Last week we checked in on Kentaro Yamamoto’s finish with Goryo’s Vengeance in GP Guangzhou. Today I have another less established deck from the same Top 8 for you. This is a deck I’ve been meaning to feature here at Deck of the Week since I first ran across it while going through the MTGO League results a few months ago. At first I misevaluated the nature of the deck, likening it to a new build of Storm—in reality this is a brand-new archetype that wouldn’t be possible without the printing of Thing in the Ice.
Pyromancer Thing looks super cool to me, but also viable. It appeared a few months ago in the hands of several people grinding away in the online queues. Off the back of those performances it barely cracked Tier 3 in July. The GP triple-header last weekend saw the deck earn its first Top 8 in a prominent event, piloted by Ryoichi Tamada. Tamada clearly believes the deck has legs, as he ran it back one week later in the World Championship with only a minor change to the sideboard.
Pyromancer Thing, by Ryoichi Tamada (8th, GP Guangzhou)
4 Thing in the Ice
4 Pyromancer Ascension
4 Visions of Beyond
4 Thought Scour
4 Lightning Bolt
4 Lightning Helix
4 Gitaxian Probe
4 Serum Visions
3 Faithless Looting
4 Scalding Tarn
4 Flooded Strand
1 Polluted Delta
1 Steam Vents
1 Hallowed Fountain
2 Sacred Foundry
1 Sulfur Falls
3 Rest for the Weary
1 Swan Song
1 Wear // Tear
1 Engineered Explosives
2 Path to Exile
2 Anger of the Gods
3 Blood Moon
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Until recently, Pyromancer Ascension‘s main job in Modern was to fuel broken Storm turns and provide that deck insurance against grindy decks that could counter or discard its combo pieces. Ascension was certainly one of the centerpieces of Storm, but was really more of a means-to-an-end than anything else. Back in the stone ages I remember winning a PTQ with a build running Pyromancer’s Swath and Seething Song. At different times, the likes of Goblin Electromancer, Epic Experiment, or simply a stream of now-banned cantrips, have formed the main avenue to generating that critical spell count. To Modern Storm, Ascension has never been more than a workhorse, a tool to leverage towards other purposes.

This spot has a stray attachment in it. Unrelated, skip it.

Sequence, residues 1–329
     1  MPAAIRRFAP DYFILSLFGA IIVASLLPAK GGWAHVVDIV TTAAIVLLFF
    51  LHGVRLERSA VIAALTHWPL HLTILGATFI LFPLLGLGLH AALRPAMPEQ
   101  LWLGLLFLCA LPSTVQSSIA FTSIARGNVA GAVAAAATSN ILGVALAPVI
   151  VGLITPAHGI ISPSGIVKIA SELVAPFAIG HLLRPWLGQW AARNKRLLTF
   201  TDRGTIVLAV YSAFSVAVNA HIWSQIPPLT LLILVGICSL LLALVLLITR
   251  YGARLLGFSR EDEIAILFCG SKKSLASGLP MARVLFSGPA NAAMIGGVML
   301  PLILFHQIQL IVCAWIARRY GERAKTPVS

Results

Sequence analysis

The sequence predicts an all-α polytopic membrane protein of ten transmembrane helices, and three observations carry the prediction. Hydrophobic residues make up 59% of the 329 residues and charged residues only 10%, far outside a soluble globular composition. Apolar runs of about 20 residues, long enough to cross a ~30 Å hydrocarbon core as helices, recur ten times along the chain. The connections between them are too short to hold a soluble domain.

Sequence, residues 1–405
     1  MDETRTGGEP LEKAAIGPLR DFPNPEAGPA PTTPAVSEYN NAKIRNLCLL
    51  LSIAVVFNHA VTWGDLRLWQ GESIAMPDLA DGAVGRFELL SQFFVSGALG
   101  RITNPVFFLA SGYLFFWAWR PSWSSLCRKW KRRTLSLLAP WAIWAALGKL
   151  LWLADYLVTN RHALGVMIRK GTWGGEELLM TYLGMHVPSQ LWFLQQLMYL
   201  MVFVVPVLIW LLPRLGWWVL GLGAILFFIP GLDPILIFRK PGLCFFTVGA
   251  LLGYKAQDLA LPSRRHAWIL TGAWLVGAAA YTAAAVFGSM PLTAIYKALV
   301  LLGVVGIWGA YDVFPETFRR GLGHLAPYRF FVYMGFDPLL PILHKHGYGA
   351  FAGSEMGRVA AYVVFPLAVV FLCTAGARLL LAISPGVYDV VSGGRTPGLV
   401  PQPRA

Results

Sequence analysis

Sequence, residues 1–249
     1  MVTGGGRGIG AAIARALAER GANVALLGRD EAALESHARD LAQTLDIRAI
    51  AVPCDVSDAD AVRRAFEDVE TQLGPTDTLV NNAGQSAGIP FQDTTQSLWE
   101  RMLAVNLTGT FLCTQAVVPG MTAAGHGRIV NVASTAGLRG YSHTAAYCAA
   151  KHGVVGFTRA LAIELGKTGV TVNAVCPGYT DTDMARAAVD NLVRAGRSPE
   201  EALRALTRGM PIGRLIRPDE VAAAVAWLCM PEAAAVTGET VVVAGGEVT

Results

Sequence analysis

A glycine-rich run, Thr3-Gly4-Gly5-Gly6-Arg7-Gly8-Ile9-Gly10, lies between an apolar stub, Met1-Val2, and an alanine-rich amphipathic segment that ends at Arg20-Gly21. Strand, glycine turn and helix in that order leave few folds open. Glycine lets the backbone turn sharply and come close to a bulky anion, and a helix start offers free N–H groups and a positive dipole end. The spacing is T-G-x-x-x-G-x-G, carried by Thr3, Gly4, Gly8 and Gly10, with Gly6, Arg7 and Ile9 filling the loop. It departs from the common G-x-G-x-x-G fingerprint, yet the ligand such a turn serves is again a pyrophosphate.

Pyromancer Thing has much more in common with the old Standard deck built around the crazy enchantment. That deck was truly a Pyromancer Ascension deck, notorious for struggling to win without its namesake card. The plan was sometimes to assemble a bizarre non-infinite combo involving Call to Mind to generate heaps of value, but more often to just string together the requisite number of Lightning Bolts and Burst Lightnings for a clean kill.
In Standard, Pyromancer Combo fluctuated between excellent and middling, depending on the surrounding metagame and how prepared opponents were for it. Trying to migrate a fiddly deck like this that’s so reliant on one card to a format as explosive and crazy as Modern is unlikely to yield success. It’s no surprise that deck didn’t get ported over to the eternal format in its burn-heavy variants—it’s hard to justify your one-card combo when you don’t even win every time it resolves.
Thing Continues to Thaw
Enter Thing in the Ice. When Thing was first spoiled Modern and Standard enthusiasts alike began brewing with ferocity. We’ve seen the card be instrumental in Standard decks alongside both Pyromancer’s Goggles and Thermo-Alchemist. In Modern people first gravitated towards Delver shells, but it turned out to be much more viable in a controlling shell like Blue Moon. It’s apparent that Thing in the Ice is a powerful build-around but it’s also a tough nut to crack—finding a place for such an odd niche card like this doesn’t happen overnight.